Make sure the radio button for Adjust All Photos by This Amount is selected.  Then click OK.

Batch Adjust Photo Dates by Natalie Parker

All done!  Sort your photos by time and they will appear chronologically no matter what device you took them on.

How to Color Correct Craft Photos

Color Correcting Craft Photos by Natalie Parker

Editing craft photos is always challenging.  I’m not talking about making pictures look better than real life.  I just want my pictures to show what things look like in person — not that easy!

Even with my fancy pants DSLR and trying my best to use natural light, my photos still come out dark and a bit off color.

The darkness I can fix.  I use Picasa to turn up the exposure and add a little more contrast to compensate.  Even then, the pictures are still tinted a bit — they’re either too blue or too warm.  Even more challenging, if I fix the temperature on the photos, it’s hard to get a series of photos looking the same.

Here’s the trick: add a piece of white paper to your photos.

Color Correcting Craft Photos by Natalie Parker

I use a small square of white cardstock and position it in my photo so it’s on the side where I can easily crop it out later.

Color Correcting Craft Photos by Natalie Parker

See what I mean?  I took that photo in natural light in my living room.

In Picasa, use the eyedropper tool and the white paper to correct the photo.  Simply select the eydropper and click on the white paper.  Boom!  The color is instantly corrected.  I’m not an expert, but I think it has something to do with telling the program that the paper is a true white and it adjusts the rest of the colors accordingly.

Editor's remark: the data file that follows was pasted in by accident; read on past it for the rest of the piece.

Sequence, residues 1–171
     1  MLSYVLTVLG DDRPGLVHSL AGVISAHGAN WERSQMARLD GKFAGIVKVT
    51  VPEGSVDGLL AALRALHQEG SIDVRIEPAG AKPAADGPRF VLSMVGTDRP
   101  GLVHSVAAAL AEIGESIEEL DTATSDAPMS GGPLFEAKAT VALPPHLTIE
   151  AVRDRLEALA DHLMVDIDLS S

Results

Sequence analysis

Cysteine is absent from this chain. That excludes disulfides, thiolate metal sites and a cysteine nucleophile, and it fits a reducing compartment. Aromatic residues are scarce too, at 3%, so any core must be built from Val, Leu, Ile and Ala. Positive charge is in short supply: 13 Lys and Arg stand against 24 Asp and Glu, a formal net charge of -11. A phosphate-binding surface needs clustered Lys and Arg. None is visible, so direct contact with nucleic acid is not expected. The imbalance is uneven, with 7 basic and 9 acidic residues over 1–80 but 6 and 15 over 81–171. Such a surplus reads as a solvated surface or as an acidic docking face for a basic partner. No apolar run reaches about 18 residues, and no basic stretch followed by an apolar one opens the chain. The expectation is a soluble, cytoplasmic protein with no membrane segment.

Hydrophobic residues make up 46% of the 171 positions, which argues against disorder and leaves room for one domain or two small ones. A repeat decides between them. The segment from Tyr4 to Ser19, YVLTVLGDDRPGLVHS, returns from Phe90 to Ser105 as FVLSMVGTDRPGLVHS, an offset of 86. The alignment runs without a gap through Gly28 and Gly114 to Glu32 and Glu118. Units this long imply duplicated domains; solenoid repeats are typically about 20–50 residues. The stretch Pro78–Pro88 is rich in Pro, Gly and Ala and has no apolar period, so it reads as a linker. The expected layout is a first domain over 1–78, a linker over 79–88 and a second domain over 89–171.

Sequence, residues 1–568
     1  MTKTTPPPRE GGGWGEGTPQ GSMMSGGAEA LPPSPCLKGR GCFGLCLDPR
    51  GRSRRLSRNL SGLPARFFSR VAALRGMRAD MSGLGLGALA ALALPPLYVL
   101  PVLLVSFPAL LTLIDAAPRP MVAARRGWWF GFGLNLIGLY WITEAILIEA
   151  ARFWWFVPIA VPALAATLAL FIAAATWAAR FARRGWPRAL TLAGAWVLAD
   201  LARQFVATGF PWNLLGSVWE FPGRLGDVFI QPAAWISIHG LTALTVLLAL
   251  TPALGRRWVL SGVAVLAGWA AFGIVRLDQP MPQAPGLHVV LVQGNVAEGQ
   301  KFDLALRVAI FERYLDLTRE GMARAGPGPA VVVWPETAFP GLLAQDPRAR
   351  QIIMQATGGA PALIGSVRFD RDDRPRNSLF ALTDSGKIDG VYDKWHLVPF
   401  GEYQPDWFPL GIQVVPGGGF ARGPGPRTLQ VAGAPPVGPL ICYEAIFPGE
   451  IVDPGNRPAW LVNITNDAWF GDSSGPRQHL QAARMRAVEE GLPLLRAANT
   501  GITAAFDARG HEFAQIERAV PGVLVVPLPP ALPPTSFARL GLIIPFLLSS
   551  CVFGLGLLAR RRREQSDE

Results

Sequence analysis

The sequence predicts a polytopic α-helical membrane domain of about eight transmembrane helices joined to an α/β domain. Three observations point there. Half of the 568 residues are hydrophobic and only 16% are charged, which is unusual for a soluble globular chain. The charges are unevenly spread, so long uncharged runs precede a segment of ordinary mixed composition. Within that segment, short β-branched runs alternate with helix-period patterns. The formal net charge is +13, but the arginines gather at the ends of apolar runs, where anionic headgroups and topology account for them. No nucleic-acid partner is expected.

Color Correcting Craft Photos by Natalie Parker

I do this step first, then I play with the brightness and contrast.

Color Correcting Craft Photos by Natalie Parker

When I’m done, I crop the white paper out and get my finished product:

Color Correcting Craft Photos by Natalie Parker

As a reminder, Picasa is a free photo editing tool.  I’ve written about my favorite Picasa editing tools here, and how to make photo collages in Picasa here.

Color Correcting Craft Photos by Natalie Parker

I Love Street Art

Street Art by Natalie Parker

Street Art by Natalie Parker

Street Art by Natalie Parker

Street Art by Natalie Parker

Street Art by Natalie Parker

Street Art by Natalie Parker

Street Art by Natalie Parker

Above in order: Melbourne, Paris, London, Paris, Melbourne, Melbourne, Melbourne